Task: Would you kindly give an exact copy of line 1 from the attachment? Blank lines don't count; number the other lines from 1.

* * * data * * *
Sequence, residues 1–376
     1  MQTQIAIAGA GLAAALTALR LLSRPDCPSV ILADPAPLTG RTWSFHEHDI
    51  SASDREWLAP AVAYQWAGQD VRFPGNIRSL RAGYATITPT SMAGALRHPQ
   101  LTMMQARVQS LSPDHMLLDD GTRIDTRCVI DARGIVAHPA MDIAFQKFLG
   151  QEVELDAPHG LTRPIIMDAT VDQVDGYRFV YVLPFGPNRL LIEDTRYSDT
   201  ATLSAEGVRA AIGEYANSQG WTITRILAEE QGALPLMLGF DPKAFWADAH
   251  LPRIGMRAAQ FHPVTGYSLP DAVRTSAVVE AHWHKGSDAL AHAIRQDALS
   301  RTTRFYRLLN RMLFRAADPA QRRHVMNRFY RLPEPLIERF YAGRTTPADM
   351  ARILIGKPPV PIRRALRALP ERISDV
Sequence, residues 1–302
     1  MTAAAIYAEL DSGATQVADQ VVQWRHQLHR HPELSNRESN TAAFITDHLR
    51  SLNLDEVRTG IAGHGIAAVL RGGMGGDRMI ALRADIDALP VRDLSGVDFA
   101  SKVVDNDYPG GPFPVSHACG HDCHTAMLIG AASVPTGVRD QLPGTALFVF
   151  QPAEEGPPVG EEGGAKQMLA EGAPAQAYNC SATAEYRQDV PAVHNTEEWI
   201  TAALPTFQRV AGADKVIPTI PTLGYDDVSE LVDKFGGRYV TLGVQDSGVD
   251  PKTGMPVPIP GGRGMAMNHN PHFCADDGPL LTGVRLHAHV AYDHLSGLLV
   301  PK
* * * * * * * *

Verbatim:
Sequence, residues 1–376